Do-joon is released from prison, and he genuinely has no recollection of committing the murder, even though Do-joon’s mother knows he’s guilty.  In another great scene, Do-joon tells his mother that he has been wondering why the killer would drag the body to the roof, and he decides (correctly) that the killer must have known that the body would be visible by the whole town from up there, and she was bleeding so it was the best and only way to get her the required medical attention she needed.  This only makes everything even more heartbreaking, and his mother has to sit there in silence, offering nothing in return to this speculation.

There was a point in which it seemed like Do-joon’s mother might actually kill him, paying off the set up that she tried to when he was five.  Nothing felt too extreme to happen at this point in the movie, but instead his mother leaves him to go on some kind of trip organized for parents (I have no idea what this excursion was).  On the bus, Do-joon’s mother sits alone while the other mothers dance.  Then she takes out an acupuncture needle and places it in her thigh, hoping it will help her forget what she knows.

The camera cuts to a shot outside of the bus in which all we hear is the non-diegetic music that fills the scene.  We watch as Do-joon’s mother, now just a silhouette and almost ghost-like, gets up and starts dancing with the other mothers.  She blends into the crowd so that we can’t even recognize her, but all she has is her silhouette, as if everything else within her has vanished, vacuumed out of her along with her memory of the crimes she has committed.

I love this film, as well as the others by Bong Joon Ho I have seen (The HostSnowpiercer).  His movies feel so unique from his other movies because they’re different genre movies, but at the same time they stand out from the genre they’re so attached to.  The Host, for example, is a film about a river monster, but the story is more about mass hysteria, fear mongering, and one family working admirably together in a situation/genre that tends to glorify people picking each other apart.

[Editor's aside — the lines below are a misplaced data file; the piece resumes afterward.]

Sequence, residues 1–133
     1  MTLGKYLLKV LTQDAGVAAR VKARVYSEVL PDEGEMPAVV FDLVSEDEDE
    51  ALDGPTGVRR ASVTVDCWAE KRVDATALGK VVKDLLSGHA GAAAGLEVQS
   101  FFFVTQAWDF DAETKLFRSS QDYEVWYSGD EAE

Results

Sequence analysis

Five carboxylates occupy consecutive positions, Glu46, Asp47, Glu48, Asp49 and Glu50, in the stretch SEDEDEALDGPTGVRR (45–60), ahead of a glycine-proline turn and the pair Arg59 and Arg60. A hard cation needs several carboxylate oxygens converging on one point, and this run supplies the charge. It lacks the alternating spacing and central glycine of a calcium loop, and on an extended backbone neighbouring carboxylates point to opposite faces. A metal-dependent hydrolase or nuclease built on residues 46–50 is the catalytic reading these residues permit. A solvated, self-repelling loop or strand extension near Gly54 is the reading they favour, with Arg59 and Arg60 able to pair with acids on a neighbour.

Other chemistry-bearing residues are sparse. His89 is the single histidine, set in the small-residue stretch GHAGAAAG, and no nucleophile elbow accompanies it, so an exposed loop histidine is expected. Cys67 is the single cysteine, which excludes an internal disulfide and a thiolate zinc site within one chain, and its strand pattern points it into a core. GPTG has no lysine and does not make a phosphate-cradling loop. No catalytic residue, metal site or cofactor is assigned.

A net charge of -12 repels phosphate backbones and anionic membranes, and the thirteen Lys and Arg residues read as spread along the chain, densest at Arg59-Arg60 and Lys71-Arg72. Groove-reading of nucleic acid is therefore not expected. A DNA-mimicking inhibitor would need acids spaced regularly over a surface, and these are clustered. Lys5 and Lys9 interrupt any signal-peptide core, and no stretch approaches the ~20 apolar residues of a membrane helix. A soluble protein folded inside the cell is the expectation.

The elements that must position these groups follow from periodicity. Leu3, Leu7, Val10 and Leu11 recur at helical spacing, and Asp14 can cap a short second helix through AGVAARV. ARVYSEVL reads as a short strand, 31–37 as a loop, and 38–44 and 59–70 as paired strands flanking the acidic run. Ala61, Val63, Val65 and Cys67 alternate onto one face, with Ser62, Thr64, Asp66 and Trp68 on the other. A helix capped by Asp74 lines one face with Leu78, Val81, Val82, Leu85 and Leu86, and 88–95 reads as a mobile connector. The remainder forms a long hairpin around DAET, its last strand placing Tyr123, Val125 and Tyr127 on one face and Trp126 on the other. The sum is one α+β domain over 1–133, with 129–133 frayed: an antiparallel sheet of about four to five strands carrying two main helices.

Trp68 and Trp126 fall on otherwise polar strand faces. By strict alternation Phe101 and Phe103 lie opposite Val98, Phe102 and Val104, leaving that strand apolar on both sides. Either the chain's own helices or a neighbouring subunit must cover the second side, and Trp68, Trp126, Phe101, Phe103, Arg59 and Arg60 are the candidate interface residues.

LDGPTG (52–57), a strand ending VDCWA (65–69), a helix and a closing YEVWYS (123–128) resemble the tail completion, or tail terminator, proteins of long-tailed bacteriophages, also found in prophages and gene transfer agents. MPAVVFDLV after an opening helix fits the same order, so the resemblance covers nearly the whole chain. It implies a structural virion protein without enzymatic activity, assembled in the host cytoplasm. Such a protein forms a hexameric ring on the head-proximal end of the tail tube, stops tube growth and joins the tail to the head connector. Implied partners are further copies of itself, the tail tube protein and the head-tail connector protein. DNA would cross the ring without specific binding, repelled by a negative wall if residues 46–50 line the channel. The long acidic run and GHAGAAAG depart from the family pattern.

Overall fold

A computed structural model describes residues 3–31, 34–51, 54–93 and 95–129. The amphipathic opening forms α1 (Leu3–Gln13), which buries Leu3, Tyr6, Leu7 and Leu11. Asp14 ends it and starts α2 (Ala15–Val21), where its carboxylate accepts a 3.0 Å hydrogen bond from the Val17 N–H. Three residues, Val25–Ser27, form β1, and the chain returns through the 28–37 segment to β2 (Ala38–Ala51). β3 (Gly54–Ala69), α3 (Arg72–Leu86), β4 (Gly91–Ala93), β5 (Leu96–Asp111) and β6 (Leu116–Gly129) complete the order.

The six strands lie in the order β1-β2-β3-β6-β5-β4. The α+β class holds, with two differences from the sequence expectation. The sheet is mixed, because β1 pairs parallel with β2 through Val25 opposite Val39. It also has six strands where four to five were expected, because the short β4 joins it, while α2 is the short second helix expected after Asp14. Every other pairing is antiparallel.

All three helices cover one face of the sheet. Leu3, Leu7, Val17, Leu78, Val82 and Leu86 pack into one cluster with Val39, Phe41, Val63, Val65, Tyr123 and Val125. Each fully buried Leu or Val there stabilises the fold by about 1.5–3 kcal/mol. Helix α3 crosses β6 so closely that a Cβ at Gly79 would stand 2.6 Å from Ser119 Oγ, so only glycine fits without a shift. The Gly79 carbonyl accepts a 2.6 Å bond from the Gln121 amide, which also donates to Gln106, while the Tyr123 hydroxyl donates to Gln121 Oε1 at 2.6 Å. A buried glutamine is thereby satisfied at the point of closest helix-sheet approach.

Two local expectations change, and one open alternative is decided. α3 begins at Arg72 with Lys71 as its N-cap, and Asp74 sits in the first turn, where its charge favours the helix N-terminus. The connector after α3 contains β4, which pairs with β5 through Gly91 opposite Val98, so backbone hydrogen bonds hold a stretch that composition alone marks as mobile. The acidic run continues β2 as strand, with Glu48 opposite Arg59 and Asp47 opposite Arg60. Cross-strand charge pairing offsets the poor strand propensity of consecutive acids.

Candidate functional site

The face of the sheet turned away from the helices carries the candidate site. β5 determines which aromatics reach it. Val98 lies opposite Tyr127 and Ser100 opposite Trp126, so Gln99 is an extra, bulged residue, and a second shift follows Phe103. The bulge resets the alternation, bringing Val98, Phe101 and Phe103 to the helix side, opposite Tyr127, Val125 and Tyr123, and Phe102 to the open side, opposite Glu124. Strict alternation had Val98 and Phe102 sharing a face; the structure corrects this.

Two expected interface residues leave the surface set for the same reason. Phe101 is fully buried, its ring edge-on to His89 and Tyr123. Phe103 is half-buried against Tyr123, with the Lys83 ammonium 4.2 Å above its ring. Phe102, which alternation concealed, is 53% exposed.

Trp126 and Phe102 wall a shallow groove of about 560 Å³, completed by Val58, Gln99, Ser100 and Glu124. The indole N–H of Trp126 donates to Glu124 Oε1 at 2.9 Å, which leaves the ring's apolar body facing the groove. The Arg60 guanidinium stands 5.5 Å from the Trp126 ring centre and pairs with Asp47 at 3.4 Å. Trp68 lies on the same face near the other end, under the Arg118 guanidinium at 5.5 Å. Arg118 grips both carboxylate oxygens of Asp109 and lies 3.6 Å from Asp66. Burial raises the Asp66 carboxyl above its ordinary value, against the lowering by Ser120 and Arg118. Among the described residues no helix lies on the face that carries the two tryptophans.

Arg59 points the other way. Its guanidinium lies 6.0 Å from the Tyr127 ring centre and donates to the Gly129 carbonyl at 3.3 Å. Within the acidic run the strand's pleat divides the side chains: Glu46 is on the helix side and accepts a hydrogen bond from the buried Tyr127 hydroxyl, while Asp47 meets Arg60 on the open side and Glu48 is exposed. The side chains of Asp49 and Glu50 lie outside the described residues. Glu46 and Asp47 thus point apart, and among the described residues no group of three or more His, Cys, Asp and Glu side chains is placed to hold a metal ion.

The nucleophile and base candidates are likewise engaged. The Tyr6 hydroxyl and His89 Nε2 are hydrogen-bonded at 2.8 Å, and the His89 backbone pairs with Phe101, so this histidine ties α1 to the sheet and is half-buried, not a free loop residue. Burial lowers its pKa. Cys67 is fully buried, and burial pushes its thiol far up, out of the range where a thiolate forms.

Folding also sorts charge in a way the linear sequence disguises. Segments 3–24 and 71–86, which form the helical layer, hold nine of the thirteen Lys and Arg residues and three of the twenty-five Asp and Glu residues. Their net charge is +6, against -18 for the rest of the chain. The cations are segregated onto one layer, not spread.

And Mother is a murder investigation much like many similar films (or HBO’s The Night Of), but it’s really a story about a woman who has lost so much of herself to care for her son, mostly out of guilt, that she will do anything to cling to him, even if it means letting go of all truth and objectivity.  She needs to clear his name more than she needs to believe he’s innocent.  Early in act 2, Do-joon’s mother even tells him that he should never sign the confession even if he did kill the girl.  From the outset her goal is to get her son back, because she has invested so much of herself in him that he is the only thing connecting her to the real world, even if we can see that her relationship with Do-joon is rather isolating precisely because of how much she pours into him with nothing in return.

It’s a story about a woman’s desperation to hold onto the one thing she has allowed herself to gleam meaning from.  This might as well be a story about a devoutly religious person finding out that their chosen religion is responsible for all evil in the world.  There’s never an opportunity for this person to consider that their religion is bad because it’s their religion.  The goal is to return to point A, where there is no room for doubt in one’s religion of their family.

Watching this film a second time will be mesmerizing, I think, with the knowledge that Do-joon really did commit the murder, even if it was an accident.  So much of the first half of the film, and just about all of it actually, is centered on the feeling that Do-joon’s mother is completely innocent and up against a Goliath of police ineptitude and a community’s wrath against her.  We’re right there with his mother, but suddenly her behavior becomes much more desperate, unstable and even malicious when you know that she’s wrong.  In one scene, for instance, she shows up at a service for Moon Ah-jeong and tells the dead girl’s family that her son is innocent.  This… doesn’t go over well, and a fight breaks out.

So Mother is an incredible film.  Bong Joon Ho has a way of giving you what is promised from a movie poster and then offering up so much more.  Each of his films, from what I’ve gathered, feel like they could follow this template: “This isn’t just a __________ movie, it’s a movie about _________” in which the first blank spot is where you enter a genre, and the second is where you enter a theme.  All good movies are (or should be) about something more than what’s promised in the movie poster or trailer, but Bong Joon Ho seems to do so without fooling the audience.  This is still a fun, juicy murder investigation movie, but he just slips in the real heart and horror of the film underneath the surface.  It leaves me with the feeling that this is what every genre movie should be, and if it’s not then it’s missing the point.